Configuring Security

Understanding Firewalls

A firewall is a method of connecting an internal network to another network while controlling the access in both directions securely. A firewall enables users with the proper privileges to access the internal network. A firewall is not a particular piece of hardware or software, but a combination of software and hardware that protects an internal network from hackers and viruses. A firewall can be one computer with two network cards or several computers working together to provide protection. A proxy server is a type of firewall.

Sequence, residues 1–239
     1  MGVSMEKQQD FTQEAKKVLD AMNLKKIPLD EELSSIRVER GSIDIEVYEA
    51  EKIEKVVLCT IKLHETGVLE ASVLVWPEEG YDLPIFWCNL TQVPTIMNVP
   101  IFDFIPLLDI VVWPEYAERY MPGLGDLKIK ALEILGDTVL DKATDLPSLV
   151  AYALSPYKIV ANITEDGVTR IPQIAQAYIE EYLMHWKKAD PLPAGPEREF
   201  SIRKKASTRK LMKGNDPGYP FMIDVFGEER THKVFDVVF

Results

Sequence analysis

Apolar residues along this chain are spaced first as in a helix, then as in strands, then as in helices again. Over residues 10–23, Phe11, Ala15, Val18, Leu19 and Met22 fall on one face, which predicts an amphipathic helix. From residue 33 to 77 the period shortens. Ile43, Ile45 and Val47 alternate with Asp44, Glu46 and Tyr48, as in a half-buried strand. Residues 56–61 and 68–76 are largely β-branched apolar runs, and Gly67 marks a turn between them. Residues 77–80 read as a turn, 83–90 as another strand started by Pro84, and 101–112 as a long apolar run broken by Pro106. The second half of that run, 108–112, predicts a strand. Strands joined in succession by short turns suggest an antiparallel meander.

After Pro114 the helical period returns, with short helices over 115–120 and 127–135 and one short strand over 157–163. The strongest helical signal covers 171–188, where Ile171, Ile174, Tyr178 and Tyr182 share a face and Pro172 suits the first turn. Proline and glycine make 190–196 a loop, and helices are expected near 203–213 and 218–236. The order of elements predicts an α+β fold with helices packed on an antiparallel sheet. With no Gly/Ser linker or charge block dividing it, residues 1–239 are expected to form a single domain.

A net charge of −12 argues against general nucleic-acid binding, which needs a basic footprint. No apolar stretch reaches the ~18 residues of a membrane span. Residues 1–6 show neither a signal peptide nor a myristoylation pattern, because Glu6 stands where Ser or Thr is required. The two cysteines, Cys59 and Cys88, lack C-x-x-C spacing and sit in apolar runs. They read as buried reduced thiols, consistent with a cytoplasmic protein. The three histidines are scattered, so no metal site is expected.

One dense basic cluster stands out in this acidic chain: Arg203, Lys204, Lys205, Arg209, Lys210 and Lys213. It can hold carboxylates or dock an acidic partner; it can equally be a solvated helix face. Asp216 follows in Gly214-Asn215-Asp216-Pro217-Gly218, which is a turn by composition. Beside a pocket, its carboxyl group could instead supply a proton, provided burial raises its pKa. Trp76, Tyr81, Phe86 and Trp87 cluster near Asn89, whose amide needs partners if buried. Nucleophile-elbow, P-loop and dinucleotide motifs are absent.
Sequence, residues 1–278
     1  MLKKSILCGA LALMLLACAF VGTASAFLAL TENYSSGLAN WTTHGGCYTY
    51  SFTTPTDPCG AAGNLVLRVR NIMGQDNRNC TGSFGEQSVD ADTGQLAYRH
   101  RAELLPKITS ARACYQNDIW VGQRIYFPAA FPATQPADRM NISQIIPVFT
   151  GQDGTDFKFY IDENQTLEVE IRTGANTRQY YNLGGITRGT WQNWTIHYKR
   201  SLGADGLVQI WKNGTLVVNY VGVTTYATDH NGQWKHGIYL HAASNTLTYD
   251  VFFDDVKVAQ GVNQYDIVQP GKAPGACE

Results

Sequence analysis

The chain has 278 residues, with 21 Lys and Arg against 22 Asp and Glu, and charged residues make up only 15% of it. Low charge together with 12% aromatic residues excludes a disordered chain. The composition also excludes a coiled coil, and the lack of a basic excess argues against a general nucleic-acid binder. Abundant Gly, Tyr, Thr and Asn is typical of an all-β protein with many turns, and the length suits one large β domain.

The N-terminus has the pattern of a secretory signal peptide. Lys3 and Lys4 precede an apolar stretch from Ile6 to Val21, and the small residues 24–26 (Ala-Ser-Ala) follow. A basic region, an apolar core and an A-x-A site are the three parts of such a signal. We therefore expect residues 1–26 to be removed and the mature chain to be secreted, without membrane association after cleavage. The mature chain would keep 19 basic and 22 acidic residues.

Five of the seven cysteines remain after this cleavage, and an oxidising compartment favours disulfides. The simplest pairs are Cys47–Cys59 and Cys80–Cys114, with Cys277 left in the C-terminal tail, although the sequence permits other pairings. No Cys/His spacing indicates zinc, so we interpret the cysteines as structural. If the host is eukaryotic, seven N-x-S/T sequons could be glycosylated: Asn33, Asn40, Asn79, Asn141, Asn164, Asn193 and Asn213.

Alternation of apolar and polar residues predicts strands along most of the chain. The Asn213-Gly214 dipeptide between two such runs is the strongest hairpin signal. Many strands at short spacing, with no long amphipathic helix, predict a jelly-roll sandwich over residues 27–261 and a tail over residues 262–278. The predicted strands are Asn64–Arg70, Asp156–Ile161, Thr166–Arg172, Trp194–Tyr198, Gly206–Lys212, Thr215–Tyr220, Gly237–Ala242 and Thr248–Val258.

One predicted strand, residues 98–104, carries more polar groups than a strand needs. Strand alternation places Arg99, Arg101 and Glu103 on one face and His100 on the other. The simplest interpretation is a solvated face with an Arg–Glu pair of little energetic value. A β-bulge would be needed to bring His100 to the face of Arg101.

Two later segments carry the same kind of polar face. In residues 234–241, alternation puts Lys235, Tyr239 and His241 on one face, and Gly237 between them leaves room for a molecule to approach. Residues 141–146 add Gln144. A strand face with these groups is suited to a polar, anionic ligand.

There are three major types of firewalls:

A firewall sits between a client and a server. To the client, a firewall acts like a server, and to the server it acts like a client. Firewalls can be transparent, so that when a client connects to the firewall, it seems like a direct connection.

You can install firewall software to simplify setting up a firewall. Firewall software can provide additional security services, such as screening Domain Name System (DNS) records to prevent disclosure. However, if you use firewall software, you must verify that it supports the applications and protocols you expect to send or receive across the firewall.

For examples of common firewall deployments using Exchange front-end and back-end servers, see the Microsoft Exchange 2000 Server Planning and Installation.

Related Topics

Intranet-to-Internet Communication